Questions about Connecticut’s economic challenge — and answers

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Why does Connecticut keep having budget shortfalls?

Revenue growth has been falling since 1989 and bottomed out in 2017.* Prior to 1989, average revenue growth was over 10 percent per year.** A 10 percent gain in general fund revenue today represents 2 billion dollars, an amount which would cover recent annual shortages.

Source: *DRS Annual Reports- Connecticut Department of Revenue Services website ** Volatile Income Tax Revenue Stumps States, Elaine S. Povich, Stateline, Pew Charitable Trusts.

Is government spending excessive?

State and local spending is rated as 46th out of 50 states in relation to the state’s total income (Gross State Product) and has been lean for decades according to a Connecticut Voices for Children Study.

Source: Report: Connecticut has greater capacity to support public investments in children, Wade Gibson, J.D., Fiscal Policy Center, Connecticut Voices for Children, February 2014

What about those claims of millionaires leaving the state?

Millionaires have increased by over 3,000 since 2004 and that number also includes multi-millonaires as shown by Connecticut DRS annual income reports. This is part of a national trend in which millionaires are increasing at more than five times the rate of the population growth.

Source: Edward N. Wolf, in Economy is creating millionaires at an astonishing pace. But what’s it doing for everyone else?, Christopher Ingraham, Washington Post, 12/8/17.

Where is all the new wealth coming from?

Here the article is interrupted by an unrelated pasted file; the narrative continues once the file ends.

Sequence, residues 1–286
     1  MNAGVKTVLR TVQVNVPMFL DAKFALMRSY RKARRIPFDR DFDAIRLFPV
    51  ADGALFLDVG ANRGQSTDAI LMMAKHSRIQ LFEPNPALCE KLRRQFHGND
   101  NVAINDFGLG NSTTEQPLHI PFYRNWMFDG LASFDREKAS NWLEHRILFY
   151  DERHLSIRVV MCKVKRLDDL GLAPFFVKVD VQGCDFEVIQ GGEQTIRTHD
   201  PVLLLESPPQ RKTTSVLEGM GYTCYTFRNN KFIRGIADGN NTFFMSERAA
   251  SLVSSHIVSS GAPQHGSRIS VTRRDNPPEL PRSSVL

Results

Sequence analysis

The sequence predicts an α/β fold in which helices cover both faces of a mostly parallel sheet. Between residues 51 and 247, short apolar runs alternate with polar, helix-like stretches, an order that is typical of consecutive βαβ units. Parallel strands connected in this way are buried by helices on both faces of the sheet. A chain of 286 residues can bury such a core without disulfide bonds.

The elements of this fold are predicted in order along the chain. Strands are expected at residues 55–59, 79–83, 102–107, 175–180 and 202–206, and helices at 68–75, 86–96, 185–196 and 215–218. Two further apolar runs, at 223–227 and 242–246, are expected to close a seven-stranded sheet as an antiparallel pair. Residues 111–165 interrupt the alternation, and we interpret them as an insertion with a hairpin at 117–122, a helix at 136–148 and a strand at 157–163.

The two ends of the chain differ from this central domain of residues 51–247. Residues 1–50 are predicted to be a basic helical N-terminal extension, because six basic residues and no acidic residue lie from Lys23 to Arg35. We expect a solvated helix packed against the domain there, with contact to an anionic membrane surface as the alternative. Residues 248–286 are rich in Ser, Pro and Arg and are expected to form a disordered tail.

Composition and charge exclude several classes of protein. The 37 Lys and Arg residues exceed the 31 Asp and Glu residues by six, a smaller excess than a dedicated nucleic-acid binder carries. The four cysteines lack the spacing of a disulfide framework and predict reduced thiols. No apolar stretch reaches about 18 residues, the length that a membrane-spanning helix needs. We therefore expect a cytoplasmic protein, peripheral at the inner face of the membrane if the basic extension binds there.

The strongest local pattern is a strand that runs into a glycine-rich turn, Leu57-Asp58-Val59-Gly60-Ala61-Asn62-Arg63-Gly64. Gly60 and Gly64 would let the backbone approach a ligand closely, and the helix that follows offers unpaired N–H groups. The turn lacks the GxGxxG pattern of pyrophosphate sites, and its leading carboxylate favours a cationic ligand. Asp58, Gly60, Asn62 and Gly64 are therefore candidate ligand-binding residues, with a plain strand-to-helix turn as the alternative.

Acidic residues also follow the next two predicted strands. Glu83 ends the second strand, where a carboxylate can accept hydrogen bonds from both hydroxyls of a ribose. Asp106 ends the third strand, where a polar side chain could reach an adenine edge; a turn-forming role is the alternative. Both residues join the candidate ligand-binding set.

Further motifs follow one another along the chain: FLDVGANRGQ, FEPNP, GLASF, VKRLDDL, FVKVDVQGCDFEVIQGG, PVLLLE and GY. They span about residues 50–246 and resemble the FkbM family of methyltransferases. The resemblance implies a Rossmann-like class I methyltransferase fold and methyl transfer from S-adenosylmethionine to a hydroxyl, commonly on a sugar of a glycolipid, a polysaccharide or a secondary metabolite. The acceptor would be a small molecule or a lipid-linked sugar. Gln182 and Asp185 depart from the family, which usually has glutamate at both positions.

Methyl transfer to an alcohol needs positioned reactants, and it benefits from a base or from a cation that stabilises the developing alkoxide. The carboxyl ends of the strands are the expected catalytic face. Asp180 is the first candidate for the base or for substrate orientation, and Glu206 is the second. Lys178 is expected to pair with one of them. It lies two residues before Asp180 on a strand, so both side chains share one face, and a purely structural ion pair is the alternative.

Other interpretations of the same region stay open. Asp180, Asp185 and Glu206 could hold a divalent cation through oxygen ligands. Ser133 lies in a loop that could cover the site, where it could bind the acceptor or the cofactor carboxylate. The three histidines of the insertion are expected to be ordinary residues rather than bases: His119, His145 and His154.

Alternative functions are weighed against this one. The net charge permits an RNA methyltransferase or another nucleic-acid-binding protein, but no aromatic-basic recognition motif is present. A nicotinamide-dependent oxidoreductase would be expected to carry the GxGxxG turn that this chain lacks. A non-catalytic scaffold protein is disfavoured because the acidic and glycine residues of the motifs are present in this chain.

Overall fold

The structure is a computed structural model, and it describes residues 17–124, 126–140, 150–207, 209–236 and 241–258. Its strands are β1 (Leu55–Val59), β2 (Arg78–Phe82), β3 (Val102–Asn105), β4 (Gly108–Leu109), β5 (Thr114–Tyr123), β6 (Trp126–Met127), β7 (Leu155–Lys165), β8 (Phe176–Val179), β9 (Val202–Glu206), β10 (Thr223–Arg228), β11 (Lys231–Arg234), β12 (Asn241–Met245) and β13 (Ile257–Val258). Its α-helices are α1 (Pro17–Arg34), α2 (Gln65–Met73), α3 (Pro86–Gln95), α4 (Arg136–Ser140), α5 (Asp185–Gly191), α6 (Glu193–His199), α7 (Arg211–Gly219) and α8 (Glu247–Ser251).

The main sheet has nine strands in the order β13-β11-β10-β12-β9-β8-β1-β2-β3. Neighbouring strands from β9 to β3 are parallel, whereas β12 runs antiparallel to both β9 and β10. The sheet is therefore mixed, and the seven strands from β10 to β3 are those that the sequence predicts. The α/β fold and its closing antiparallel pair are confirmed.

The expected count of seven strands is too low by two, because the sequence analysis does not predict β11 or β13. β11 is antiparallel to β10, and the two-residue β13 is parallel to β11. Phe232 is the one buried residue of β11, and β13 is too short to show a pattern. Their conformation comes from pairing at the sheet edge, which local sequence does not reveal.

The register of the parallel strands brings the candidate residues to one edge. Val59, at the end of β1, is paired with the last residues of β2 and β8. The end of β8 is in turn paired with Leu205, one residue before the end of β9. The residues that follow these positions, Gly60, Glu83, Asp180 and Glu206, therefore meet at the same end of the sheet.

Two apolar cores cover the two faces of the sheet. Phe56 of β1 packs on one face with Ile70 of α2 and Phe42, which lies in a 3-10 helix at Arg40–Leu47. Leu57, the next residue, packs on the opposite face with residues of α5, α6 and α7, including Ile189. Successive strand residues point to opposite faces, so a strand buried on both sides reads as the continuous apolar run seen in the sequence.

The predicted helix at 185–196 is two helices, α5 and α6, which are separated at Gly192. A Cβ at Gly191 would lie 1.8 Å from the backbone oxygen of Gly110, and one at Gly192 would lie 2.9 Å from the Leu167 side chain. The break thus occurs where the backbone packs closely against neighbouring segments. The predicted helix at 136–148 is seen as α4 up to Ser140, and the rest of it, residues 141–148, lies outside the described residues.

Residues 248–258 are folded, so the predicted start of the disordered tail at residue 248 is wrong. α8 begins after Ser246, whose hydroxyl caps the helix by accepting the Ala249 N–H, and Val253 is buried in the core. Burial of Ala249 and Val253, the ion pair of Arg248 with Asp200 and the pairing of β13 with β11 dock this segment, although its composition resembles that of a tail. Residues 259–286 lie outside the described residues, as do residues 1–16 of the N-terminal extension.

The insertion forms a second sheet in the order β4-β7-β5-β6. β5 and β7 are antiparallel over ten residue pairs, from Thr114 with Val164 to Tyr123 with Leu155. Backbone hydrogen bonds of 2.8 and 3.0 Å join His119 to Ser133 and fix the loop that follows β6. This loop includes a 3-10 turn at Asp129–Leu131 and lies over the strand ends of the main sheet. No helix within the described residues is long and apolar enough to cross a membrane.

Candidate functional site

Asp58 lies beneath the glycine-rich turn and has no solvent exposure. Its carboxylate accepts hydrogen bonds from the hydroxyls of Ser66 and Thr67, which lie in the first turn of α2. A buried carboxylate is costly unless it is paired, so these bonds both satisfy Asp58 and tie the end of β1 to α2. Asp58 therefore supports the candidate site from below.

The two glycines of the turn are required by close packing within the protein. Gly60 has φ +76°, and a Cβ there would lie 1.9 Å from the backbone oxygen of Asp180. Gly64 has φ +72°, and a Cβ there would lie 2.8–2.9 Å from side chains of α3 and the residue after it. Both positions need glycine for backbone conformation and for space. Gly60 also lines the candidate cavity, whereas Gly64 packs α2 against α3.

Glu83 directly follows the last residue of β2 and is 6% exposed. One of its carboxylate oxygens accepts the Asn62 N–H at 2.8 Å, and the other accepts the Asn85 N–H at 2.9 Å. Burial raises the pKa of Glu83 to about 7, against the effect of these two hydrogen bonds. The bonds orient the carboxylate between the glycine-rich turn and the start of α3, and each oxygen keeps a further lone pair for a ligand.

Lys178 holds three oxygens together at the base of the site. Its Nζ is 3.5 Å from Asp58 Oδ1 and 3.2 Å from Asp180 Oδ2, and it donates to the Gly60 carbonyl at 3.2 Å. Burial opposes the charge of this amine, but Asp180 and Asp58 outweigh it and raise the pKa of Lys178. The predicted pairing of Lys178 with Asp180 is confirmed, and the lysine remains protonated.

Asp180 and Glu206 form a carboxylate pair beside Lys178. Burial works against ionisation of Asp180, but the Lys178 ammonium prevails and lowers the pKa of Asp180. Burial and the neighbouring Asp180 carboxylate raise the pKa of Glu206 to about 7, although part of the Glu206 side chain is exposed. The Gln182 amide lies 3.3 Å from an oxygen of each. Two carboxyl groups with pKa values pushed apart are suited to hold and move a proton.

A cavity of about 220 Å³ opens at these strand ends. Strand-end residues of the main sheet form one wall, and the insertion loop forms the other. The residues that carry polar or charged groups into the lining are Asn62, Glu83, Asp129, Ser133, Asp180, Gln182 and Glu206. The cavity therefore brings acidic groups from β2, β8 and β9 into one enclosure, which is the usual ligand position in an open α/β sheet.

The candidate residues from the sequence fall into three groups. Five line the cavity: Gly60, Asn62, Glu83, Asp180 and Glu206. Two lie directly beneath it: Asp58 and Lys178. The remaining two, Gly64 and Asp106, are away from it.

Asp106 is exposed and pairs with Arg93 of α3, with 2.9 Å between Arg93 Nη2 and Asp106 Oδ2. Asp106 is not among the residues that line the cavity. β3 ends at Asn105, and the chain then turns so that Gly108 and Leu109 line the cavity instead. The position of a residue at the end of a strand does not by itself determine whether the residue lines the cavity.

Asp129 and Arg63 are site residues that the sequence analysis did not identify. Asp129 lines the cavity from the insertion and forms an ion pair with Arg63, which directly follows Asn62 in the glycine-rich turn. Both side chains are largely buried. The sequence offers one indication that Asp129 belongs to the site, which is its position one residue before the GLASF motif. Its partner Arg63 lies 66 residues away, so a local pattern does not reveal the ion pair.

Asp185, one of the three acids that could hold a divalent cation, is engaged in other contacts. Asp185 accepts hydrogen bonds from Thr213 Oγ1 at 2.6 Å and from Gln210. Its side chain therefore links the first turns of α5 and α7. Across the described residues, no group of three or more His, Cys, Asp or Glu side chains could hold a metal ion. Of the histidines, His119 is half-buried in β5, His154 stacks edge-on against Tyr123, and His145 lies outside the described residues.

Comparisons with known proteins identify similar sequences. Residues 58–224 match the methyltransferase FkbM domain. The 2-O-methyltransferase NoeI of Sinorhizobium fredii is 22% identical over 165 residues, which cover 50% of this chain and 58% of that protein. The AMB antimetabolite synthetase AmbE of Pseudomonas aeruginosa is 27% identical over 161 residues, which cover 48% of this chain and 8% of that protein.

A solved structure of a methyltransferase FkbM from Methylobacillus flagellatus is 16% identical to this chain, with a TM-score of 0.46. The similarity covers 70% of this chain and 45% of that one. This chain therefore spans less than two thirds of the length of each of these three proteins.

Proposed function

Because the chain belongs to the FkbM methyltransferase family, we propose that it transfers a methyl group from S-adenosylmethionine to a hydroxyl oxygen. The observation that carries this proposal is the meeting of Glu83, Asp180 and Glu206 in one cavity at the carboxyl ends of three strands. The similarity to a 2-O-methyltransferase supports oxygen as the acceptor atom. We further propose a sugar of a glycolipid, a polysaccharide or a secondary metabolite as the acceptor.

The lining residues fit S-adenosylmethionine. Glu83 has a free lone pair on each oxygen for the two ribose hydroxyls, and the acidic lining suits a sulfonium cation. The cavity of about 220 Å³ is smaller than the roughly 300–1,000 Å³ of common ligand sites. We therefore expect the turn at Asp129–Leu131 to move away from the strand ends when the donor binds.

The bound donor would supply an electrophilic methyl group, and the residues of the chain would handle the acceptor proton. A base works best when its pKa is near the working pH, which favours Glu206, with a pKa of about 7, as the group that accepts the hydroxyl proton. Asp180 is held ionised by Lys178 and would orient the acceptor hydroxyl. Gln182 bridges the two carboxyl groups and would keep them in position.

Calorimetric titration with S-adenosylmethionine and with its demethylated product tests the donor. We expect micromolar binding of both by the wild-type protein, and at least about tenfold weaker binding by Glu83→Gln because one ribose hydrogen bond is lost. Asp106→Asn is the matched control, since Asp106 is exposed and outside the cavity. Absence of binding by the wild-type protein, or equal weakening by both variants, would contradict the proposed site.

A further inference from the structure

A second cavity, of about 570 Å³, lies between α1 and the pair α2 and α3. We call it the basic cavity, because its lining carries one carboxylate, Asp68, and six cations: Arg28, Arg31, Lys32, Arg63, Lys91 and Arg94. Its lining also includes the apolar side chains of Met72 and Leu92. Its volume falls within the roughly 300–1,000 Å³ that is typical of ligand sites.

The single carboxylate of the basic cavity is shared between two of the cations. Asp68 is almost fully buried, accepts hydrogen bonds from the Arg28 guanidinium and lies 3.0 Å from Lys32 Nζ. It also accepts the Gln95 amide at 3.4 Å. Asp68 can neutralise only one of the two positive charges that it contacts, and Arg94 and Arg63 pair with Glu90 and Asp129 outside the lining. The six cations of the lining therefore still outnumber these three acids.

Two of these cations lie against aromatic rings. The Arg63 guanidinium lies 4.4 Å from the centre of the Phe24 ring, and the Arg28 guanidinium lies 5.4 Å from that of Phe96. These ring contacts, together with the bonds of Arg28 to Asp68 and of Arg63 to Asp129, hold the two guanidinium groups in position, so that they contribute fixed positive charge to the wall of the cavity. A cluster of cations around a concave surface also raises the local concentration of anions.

In Connecticut, much is derived from the lucrative business model used by CEO’s, hedge and private equity fund managers to “extract value” from businesses they control. The model involves borrowing money, paying themselves hefty fees, outsourcing jobs, cutting research and development, laying off workers and buying back stock to raise the value of stock options. Once maximum value has been extracted over the short term, companies are often lacking the financial and human resources for sustainable growth.

Source: Runaway Inequality, An Activist’s Guide to Economic Justice, Les Leopold, 2015.

Why isn’t all this new wealth helping the state’s economy?

• That is because “jobs don’t come from rich people,” they come from broad based incomes being spent, and those incomes have been eroded for over a generation. Much of the wealth acquired by hedge fund managers and wealthy investors is saved or invested. There is little broad based distribution of profits and therefore little spending in the real economy.

Source: Jobs Don’t Come From Rich People, Geoff Coventry, PatrioticMillionaires.org.

William Buhler, of Cromwell, worked at the Connecticut Juvenile Training School as a school psychologist and is co-chair of legislative action for SEIU/CSEA.


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